Soba Chefs, Local Japanese Chefs Visit USS George Washington

Soba Chefs, Local Japanese Chefs Visit USS George Washington

Soba chefs from the Shonan International Women’s Association and local Japanese chefs visited the nuclear-powered aircraft carrier USS George Washington (CVN 73), March 6 to teach enlisted culinary specialists and other interested Sailors how to prepare and cook Soba, a traditional Japanese noodle dish.

The local chefs taught a wide variety of cooking techniques to Sailors of all ranks in attendance. From junior enlisted, to chiefs and officers, Sailors learned how to properly prepare the Soba from scratch.

“The most challenging part was the hand movements,” said Culinary Specialist Seaman Recruit Samantha Santiago. “You have to be almost perfect because if you don’t finish it quickly the noodles will dry out.”

Although the origins of Soba are debatable, it is commonly know that Soba became a popular dish in Japan during the Edo period (1603-1868) where it was produced in temples and eaten in tea ceremony establishments.
Soba is a very thin noodle that is made from buckwheat flour.

It is prepared by creating thick dough, flattening it out and then layering before carefully slicing each individual noodle into the correct width, and finally molding them into the proper shape. The preparation for the noodles alone takes approximately 40 minutes, with only a minute and a half to cook them.

After the joint team of chiefs ensured the meal was properly cooked, the culinary specialists alongside the local soba chefs prepared and served the Soba with seaweed, green onions and a fish soup to George Washington’s commanding officer, executive officer and command master chief in the ship’s wardroom.

“Everyone enjoyed tasting the soba noodles,” said Santiago.

“The noodles were actually colder than you would expect,” said Culinary Specialist Seaman Katherine Laboy. “The temperature caught me completely off guard.”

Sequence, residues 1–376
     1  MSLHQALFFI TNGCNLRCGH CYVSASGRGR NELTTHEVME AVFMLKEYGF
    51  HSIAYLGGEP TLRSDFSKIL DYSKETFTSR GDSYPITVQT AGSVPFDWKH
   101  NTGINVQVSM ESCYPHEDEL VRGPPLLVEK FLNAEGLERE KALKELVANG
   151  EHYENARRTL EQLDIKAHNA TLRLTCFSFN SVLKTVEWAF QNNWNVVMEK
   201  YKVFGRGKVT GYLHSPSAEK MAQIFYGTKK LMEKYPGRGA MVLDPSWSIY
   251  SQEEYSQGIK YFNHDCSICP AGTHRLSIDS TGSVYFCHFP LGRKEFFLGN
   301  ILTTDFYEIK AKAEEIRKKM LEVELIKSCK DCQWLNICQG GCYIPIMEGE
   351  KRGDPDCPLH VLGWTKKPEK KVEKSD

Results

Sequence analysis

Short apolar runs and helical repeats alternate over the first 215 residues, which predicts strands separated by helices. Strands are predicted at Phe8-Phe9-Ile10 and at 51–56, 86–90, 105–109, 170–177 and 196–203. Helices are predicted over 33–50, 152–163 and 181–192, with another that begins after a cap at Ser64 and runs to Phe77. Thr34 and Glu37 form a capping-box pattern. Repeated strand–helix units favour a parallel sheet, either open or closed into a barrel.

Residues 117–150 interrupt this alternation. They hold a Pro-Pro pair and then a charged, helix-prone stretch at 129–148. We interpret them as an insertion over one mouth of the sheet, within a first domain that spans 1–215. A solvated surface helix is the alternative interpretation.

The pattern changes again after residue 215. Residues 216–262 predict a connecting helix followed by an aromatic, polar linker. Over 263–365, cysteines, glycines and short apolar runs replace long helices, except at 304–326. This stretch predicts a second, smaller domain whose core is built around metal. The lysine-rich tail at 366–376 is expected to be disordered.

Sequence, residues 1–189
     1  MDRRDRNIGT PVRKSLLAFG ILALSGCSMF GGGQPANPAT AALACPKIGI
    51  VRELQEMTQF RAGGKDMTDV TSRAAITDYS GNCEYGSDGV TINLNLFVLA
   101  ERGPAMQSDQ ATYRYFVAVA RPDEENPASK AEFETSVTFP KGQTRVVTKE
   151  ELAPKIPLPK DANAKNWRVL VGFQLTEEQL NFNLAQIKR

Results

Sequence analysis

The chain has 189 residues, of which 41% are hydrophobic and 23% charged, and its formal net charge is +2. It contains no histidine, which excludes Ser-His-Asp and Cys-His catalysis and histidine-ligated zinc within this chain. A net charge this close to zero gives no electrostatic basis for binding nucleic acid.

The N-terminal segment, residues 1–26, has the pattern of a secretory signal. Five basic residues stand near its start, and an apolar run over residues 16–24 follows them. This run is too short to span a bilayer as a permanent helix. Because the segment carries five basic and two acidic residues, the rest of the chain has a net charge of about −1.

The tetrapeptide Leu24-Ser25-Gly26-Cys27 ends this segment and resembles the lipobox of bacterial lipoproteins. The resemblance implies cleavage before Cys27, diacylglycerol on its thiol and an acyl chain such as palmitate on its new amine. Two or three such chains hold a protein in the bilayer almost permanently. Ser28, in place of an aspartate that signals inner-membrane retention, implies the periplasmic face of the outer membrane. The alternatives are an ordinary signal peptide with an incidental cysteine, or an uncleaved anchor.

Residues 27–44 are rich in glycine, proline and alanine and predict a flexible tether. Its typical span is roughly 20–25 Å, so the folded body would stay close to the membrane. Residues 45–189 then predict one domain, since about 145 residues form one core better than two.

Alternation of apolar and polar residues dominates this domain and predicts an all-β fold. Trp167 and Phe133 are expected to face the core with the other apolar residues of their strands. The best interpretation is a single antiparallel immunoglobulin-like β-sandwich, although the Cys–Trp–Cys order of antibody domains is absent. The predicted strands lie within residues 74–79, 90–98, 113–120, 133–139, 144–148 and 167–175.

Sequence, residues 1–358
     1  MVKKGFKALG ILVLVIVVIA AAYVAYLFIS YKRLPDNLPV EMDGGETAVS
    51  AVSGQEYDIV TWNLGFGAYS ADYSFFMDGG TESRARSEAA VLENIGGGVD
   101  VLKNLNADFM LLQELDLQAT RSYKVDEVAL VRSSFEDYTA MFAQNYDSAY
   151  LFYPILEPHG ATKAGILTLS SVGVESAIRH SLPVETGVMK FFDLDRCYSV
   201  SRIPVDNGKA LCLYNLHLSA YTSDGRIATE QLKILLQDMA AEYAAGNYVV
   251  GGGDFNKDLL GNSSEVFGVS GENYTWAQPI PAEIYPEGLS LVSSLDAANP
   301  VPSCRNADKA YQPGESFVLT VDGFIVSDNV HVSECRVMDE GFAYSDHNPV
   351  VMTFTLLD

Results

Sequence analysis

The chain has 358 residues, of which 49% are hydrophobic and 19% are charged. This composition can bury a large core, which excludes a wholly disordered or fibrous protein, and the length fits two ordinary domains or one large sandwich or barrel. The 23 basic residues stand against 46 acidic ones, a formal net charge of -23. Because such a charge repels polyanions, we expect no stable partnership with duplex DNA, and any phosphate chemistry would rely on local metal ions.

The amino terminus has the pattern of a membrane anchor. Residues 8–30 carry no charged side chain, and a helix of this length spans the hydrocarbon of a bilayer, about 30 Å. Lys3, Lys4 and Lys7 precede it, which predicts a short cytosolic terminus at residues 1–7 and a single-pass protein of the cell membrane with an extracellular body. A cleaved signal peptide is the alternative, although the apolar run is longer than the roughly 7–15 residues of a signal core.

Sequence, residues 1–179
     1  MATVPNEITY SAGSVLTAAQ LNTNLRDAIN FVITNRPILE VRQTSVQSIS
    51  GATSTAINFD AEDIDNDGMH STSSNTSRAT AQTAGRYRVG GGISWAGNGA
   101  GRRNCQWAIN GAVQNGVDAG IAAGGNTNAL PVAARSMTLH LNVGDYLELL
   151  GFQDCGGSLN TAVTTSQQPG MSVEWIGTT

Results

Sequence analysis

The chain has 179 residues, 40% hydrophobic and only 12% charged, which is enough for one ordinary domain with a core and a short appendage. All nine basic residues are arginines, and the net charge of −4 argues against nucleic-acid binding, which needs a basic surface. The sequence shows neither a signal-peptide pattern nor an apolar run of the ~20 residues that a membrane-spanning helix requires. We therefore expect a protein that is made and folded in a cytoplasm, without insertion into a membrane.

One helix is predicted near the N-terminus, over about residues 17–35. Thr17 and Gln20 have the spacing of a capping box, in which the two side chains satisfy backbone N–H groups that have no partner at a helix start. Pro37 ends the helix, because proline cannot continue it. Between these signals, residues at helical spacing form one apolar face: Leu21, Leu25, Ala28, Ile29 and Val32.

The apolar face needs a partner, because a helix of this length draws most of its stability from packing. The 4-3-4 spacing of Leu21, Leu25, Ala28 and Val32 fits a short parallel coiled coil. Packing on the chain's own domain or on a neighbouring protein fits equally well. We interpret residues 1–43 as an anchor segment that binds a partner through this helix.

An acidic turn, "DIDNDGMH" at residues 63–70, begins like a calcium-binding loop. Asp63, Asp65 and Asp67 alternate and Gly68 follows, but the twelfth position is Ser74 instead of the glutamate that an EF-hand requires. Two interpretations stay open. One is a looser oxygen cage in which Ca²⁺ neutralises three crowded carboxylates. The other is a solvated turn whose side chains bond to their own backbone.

Sailors aboard George Washington are typically served American-style foods, yet with the chance to grow more familiar with Japanese foods and dishes it allows the chance of expansion in the diversity of the ship’s galley food.

It’s fulfilling to say that I’ve lived in Japan for three years and learned how to make local Japanese food,” said Santiago. “When I get home [back in the U.S] I would love the chance to show everyone what I’ve learned.”

“I’m confident enough to try it out on my own,” said Laboy. “I could probably remake it, just maybe not as well.”

With nearly 20,000 meals served daily underway, George Washington’s Supply Department continually works on improving the quality and diversity of the food served to the ship’s crew members.

George Washington returned to its forward-operating port of Commander, Fleet Activities Yokosuka, Nov. 22, after navigating more than 50,000 nautical miles across the Western Pacific to operate with more than a dozen different nations during its nine-week patrol. George Washington is the Navy’s only full-time forward-deployed aircraft carrier ensuring security and stability in the western Pacific Ocean.

Naval Today Staff , March 08, 2012; Image: navy